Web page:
Microsoft's Small Business Server Aurora beta is polished and provides core server functions well, but its positioning and options for customer growth cause concern.
Microsoft's Small Business Server, codenamed Aurora,
which recently opened to public beta, looks to be a slick piece of software
that is quite polished given its early beta status. However, the beta left me
with many questions regarding Aurora's
future positioning in the market place, especially regarding the options Aurora
customers will have down the road as their company grows beyond Aurora's
preset licensing limitations.
Unlike typical SBS (Small Business Server) iterations, such
as the forthcoming SBS 7, that come with on-premise enterprise productivity
applications such as Exchange and SharePoint, Aurora has more modest
goals. Targeted toward companies with 25
seats or less, Aurora promises an
easy-to-set-up-and-manage Windows Server that primarily delivers directory
services, file sharing, client and server backup functionality, and Web-based
remote access. Additional functionality will be added through simplified
integration with Microsoft's online applications.
In my tests of the beta, I found Aurora should deliver on
much of that promise, blending a rock-solid foundation of Windows Server 2008 R2
with a simplified management interface and services evocative of Windows Home
Server. On the other hand, how the integration with cloud-based services such
as Microsoft's Business Productivity Online Standard Suite (BPOS) works remains to be
seen-this capability is not yet available through the beta.
Because Microsoft has seen fit to tout Aurora
as a "bridge to the cloud" (http://bit.ly/a9UBm6
it's disappointing that the actual bridge isn't actually built and testable as
part of the beta, leaving the promise of a hybrid architecture by the wayside
for what is currently a typically premise-based solution. While it's early in
the development cycle to make any definitive claims, I do wonder whether the
lack of this critical integration at this point in development hints at trouble
within the Microsoft server group- either technical or political-in getting
that bridge built.
Microsoft Senior Product Manager Michael Leworthy says the Aurora
team is working currently on a number of cloud integration
opportunities, including BPOS, and that those cloud integrations will
be lit up for testing closer to Aurora RTM.
"The preview primarily focused on showing the infrastructure core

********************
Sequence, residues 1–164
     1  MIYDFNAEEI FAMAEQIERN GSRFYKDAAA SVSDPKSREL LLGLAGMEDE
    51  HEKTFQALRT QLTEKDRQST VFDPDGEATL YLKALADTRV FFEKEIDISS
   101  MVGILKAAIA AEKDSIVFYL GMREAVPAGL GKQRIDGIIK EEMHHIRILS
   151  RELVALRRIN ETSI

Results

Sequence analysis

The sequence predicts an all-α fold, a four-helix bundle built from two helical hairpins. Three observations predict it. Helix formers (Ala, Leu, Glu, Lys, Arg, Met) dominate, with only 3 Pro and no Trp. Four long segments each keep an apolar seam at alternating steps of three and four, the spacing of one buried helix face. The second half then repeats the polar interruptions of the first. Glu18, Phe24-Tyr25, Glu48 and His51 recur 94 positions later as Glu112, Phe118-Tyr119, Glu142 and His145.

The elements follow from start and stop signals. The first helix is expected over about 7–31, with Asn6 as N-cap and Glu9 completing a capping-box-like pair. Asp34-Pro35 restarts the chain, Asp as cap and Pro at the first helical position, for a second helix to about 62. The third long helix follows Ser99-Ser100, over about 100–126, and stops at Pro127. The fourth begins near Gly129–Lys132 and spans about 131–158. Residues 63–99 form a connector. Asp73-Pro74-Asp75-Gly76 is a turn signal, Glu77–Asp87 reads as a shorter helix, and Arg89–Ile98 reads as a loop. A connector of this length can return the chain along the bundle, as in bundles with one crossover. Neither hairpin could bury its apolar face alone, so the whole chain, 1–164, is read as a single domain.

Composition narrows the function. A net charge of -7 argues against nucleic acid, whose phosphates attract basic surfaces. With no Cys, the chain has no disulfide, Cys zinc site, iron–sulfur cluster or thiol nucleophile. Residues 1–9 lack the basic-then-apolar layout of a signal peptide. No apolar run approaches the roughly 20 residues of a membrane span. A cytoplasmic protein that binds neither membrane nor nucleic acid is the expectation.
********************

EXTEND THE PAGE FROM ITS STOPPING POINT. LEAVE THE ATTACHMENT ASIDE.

roles that are provided, trying to get testers to provide our
engineering teams enough feedback to close those cycles down," said
Leworthy. "We just got the SDK out into our premier ISV's and hoster's
hands, and we are starting to do early training with them on building
add-ins and cloud integration modules."
With its focus on the smallest businesses that likely don't
have centralized IT resources or much in the way of IT staff, Aurora
could be a bit of an enigma. Since the small business enthusiast segment with a
DIY spirit is likely rather small, I would imagine most companies interested in
Aurora software would turn to VARs
or consultants to put Aurora in
place. Therefore, it seems like a good time for resellers to start testing Aurora
and getting familiar with its capabilities. However, it also seems that
Aurora's design and toolset subsumes some of the value these parties could
provide to their customers, so I'll be curious to see how reseller interest
develops as the product matures.
However, I suspect an Aurora-based appliance from a Windows
integration specialist will be the most attractive option of
all for small business customers, because the device
could further ease adoption by combining and optimizing both the hardware and
software along with additional value-added modules or add-ins.
According to Leworthy, Microsoft is following familiar trails when
it comes to hardware integration. "We are following similar discussions
we've had for previous releases like SBS 2008 and Windows Home Server.
We expect to follow similar pathways and release mechanisms as we have
I'm also curious what options Aurora
leaves for customers as their business grows. With its cap of 25 users and its
focus on delivering productivity applications via the cloud, there doesn't
appear to be a logical next step for Aurora
customers once they hit their 26th
managed system. It won't make sense to move to SBS 7, which
delivers its productivity applications on-premise. That would leave a move to
Windows Server 2008 R2 Standard as the alternative, which currently lacks Aurora's
management toolset and out-of-the box simplifications for core services.
Leworthy said this issue is near and dear to him and that customers
should expect Microsoft to provide more guidance toward a migration
path for growing Aurora customers post-RTM, including tools, best
practices and solution accelerators.
Microsoft has announced neither a price nor a release date
for Aurora at this time. Given that
the more fully featured SBS 2008 Standard Edition costs $2,629 for the server
software with 25 total CALs (Client Access Licenses), while Windows Server 2008
R2 Standard with 25 CALs costs $1,806, I would speculate that Aurora pricing
will fall somewhere in between those data points.